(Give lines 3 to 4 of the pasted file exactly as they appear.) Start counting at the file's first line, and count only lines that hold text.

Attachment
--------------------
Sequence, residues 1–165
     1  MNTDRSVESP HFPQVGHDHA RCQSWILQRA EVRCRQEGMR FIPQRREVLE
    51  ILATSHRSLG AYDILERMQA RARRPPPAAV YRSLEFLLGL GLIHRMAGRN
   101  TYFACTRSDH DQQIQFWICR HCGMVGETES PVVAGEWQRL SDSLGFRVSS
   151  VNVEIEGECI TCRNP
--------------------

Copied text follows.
    51  ILATSHRSLG AYDILERMQA RARRPPPAAV YRSLEFLLGL GLIHRMAGRN
   101  TYFACTRSDH DQQIQFWICR HCGMVGETES PVVAGEWQRL SDSLGFRVSS